From Stein to Einstein

Wednesday, 7th September 2005

Rick Stein

Rick SteinOkay, these don't look much like the real Rick Stein, currently sailing along the Canal du Midi in his television series French Odyssey, but the nature of his programme is that we get a brief look at Stein and the chef, fisherman, farmer or wine-maker he's interviewing, then plenty of leisurely footage of beautiful French countryside and perfect little market towns punctuated by lots of robustly delicious food.

My brother Bill and his wife Michelle recently bought a house in the Vendee, where Stein's journey begins.

. . . and am I jealous? Moi?!

In order to add a recognisable drawing of Stein to these snippets, I turn to the Radio Times, where as luck would have it, there's a whole page on French Odyssey including a large photograph of . . . Cherry Pithiviers; no, she's not the owner of a canal-side patiserrie, this is a sumptuous cherry tart with a puff pastry topping, made using Quercy region cherries.

Quercy? Isn't that a kind of keyboard?

Drawn into her World

KahloKahloTurning back a page from the cherry pie, there's an article on Matthew Collings’ Channel 4 series Self-Portraits: The Me Generation.

I have difficulty drawing from Freda Kahlo's self-portrait (one of 150 she painted), Broken Column (1944), so, resorting to the advice given by Betty Edwards in Drawing on the Right Side of the Brain, I turn the page upside down and try again (right).

It's not just a case of drawing her appearance; I also find myself drawn into her disturbing world of Mexican folklore, votive images and self-laceration. This shouldn't make drawing what I see on the page any more difficult, but, so it seems to me, it does. She isn't a comfortable presence!

Star Quality

DurerRumoursDrawing Albrecht Dürer's Self-Portrait in Fur Coat (1500) reminded me of Mick Fleetwood and other rock stars of his generation. According to Collings, in the first programme of the Self-Portrait series, this is no accident: artists with a capital 'A' were something new in 16th century Germany - until then they were thought of as craftsmen, just like the masons and carpenters they worked alongside. Collings suggests that another Dürer portrait, showing the artist ostentiously posing in the latest Italian fashions (the kind of thing Fleetwood and co. wore on their album covers), is an attempt to win for artists some social cachet.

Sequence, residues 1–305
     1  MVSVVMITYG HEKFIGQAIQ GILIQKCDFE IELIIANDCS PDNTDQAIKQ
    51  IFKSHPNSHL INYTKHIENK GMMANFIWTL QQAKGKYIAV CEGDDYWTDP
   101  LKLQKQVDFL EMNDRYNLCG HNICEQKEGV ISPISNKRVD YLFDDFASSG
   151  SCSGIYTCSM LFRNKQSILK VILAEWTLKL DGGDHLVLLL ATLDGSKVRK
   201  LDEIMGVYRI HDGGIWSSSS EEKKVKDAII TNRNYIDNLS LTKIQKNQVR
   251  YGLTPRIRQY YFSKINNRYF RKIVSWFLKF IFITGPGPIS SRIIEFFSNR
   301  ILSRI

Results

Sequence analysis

The messianic role of the artist suggested in his Fur Coat portrait also has its parallels in the world of rock.


As you'd probably guess, I'd feel happier spending a day drawing old Amsterdam (or anywhere else, for that matter) with Rembrandt (right, Self-Portrait, 1665). Dürer and Kahlo come across as scary, driven, awesomely talented characters both in their appearance and in the way they paint; Rembrandt seems more down to earth but he also seems to be the one who is most likely to have stumbled on the secret of the meaning of life, a kind of Gandalf or Professor Dumbledore for his time.

Karsh potrait of EinsteinAnd it's not just me who sees it that way:

'When scientists could use a mathematical idea to transform matter they had achieved the same quasi-magical relationship with the material world as artists.' writes Kenneth Clark , concluding Civilisation, his survey of western art, ' Look at Karsh's photograph of Einstein (left). Where have we seen that face before? The aged Rembrandt.' Next Page


Rick Stein

Richard Bell,